This morning I had a call with a multi-national life sciences company that has the coronavirus on its mind. Not to eradicate the virus, but more immediately – how to plan for its impact. This company is not alone. Regardless of your industry, location, or business size, all organizations should be having this same discussion. Leaders need to think about how the coronavirus will impact all facets of their businesses.
It’s an interesting strategic macrocosm we’re facing as this story unfolds – how quickly do I adjust strategies, or can I remain true to previous plans? And how do I help my people understand our revised path forward and still serve our customers?
Engaging Your People During Rapid Change
Today’s coronavirus reminds me of a scenario I experienced early in my career – the Fukushima nuclear disaster in spring 2011. People watched the story unfold 24/7 on television and wondered how this disaster, in an unfamiliar corner of Japan, would impact the rest of the world.
At the time, several jobs ago, I was a young engineer with expertise in two suddenly converging disciplines – nuclear chemistry and aerosol physics. I got connected with a global shipping conglomerate that desperately needed up-to-the minute radiation assessments to continuously consider its shipping routes (or re-routes). We had little information, but instead of getting bogged down with the scary stuff, we had to focus on the facts. Regardless of the fear circulating, we needed to remain productive. The same mindset applies to the coronavirus – leaders must develop plans that address the risks while striving to stick to normal operations as much as possible
Five Leadership Characteristics You Always Want to Embody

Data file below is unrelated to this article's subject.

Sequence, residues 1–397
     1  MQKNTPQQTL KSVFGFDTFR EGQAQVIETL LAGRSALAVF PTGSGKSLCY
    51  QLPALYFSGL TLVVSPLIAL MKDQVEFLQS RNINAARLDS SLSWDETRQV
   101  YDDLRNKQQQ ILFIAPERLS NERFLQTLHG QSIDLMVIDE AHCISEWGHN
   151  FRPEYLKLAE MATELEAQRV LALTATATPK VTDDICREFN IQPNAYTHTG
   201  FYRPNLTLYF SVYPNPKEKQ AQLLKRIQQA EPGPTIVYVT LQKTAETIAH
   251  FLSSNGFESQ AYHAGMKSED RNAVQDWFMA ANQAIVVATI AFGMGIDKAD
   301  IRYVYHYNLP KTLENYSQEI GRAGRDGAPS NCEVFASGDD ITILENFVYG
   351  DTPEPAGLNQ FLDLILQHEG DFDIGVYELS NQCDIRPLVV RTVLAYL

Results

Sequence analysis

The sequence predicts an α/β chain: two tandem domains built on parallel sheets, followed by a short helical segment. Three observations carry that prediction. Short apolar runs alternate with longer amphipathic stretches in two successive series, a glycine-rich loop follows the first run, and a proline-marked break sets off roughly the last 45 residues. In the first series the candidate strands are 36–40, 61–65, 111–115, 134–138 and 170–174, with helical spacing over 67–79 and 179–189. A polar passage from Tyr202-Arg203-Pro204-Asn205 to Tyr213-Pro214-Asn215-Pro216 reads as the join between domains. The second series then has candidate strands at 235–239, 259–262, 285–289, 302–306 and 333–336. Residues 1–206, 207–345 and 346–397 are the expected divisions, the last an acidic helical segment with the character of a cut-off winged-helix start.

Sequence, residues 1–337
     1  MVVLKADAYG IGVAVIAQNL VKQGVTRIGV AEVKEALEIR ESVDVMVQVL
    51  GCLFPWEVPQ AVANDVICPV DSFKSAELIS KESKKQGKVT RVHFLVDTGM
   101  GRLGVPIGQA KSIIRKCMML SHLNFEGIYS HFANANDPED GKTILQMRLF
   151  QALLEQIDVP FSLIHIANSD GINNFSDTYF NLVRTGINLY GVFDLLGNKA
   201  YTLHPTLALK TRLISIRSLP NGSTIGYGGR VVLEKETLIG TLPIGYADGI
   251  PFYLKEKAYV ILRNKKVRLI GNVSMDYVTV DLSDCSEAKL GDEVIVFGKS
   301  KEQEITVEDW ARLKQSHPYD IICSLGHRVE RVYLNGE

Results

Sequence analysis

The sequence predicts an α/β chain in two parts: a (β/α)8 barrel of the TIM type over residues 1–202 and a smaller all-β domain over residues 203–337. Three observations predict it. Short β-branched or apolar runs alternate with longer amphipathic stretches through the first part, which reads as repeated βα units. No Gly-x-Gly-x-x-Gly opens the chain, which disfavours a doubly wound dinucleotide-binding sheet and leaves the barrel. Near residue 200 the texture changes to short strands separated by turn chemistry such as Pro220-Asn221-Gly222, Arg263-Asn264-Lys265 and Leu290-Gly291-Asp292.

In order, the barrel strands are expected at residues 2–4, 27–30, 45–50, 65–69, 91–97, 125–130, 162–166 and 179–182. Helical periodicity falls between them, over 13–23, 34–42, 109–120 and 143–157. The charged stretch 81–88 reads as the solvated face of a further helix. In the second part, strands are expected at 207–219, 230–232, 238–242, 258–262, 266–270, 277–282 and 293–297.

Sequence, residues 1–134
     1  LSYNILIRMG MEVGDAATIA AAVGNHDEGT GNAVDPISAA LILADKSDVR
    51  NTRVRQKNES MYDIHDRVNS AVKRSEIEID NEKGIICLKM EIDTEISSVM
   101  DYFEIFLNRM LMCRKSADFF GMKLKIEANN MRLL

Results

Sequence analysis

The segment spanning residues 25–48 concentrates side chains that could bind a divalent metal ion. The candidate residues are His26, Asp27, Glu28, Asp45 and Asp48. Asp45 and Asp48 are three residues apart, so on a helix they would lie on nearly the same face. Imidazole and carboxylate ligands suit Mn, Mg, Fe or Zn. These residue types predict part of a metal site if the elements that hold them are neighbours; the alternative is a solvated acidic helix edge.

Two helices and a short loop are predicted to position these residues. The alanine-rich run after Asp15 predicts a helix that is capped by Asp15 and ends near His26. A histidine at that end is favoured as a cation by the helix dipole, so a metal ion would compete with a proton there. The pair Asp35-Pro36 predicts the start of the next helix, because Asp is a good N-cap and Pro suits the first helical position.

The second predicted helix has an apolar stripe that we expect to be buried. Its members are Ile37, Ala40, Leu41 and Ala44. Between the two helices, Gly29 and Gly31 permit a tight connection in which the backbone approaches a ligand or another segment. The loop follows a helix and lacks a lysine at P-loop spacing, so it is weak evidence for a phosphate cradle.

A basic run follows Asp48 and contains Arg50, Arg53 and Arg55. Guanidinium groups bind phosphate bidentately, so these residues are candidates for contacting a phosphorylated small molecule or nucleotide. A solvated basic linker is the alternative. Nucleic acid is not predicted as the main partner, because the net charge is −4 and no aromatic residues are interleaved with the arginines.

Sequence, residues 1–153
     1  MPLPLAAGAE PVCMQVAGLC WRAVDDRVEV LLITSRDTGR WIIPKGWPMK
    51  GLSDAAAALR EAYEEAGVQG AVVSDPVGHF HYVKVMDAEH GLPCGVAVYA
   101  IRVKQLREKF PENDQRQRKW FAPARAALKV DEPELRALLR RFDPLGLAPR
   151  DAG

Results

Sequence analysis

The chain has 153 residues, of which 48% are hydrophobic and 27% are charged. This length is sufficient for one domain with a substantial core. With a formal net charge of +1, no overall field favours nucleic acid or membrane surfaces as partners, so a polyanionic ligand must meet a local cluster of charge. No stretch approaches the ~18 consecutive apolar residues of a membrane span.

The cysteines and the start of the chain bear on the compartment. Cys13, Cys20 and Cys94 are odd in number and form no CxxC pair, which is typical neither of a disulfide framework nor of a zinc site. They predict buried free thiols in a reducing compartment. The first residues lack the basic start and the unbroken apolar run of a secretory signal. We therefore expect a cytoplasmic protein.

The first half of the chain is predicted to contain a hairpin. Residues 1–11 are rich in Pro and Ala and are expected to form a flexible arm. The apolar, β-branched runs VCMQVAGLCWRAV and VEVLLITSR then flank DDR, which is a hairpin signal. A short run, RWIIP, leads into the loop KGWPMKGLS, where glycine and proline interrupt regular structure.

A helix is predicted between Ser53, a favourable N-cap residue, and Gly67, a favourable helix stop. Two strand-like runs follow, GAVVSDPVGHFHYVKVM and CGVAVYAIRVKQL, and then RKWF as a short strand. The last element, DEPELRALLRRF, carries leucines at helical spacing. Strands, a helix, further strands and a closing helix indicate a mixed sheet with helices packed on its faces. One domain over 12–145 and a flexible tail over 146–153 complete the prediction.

Fukushima and the coronavirus are different for a number of reasons, especially the fact that human activity will cause a virus to spread, whereas a nuclear cloud needs no human help. But parallels exist too – both are unforeseen threats to health and well-being that can have dramatic impacts to the business world. The most significant lesson I learned from Fukushima is one that certainly can be applied today: good management must come into play, just like any other day. Yes, a crisis requires shifts and changes and a dash of crisis communications, but good management is the constant.
Leaders need to remember to demonstrate the following five characteristics during times of adversity, as well as during the average workday. Leaders, regardless of the circumstances (but especially during a crisis), you want your actions and words to be:
- Authentic – When times are a little scary, there is no reason to blatantly ignore that emotion, but don’t give it the spotlight either. Acknowledge and move on.
- Communicative – Even if some communications are informational, don’t let a vacuum form in the company conversation. Trust me, it will be filled with buckets of wild ideas that take on a life of their own. Be sure to share the truth before the rumor mill takes over.
- Optimistic – Ensure your people see that this is a risk that can be objectively dealt with, no matter how bad it gets.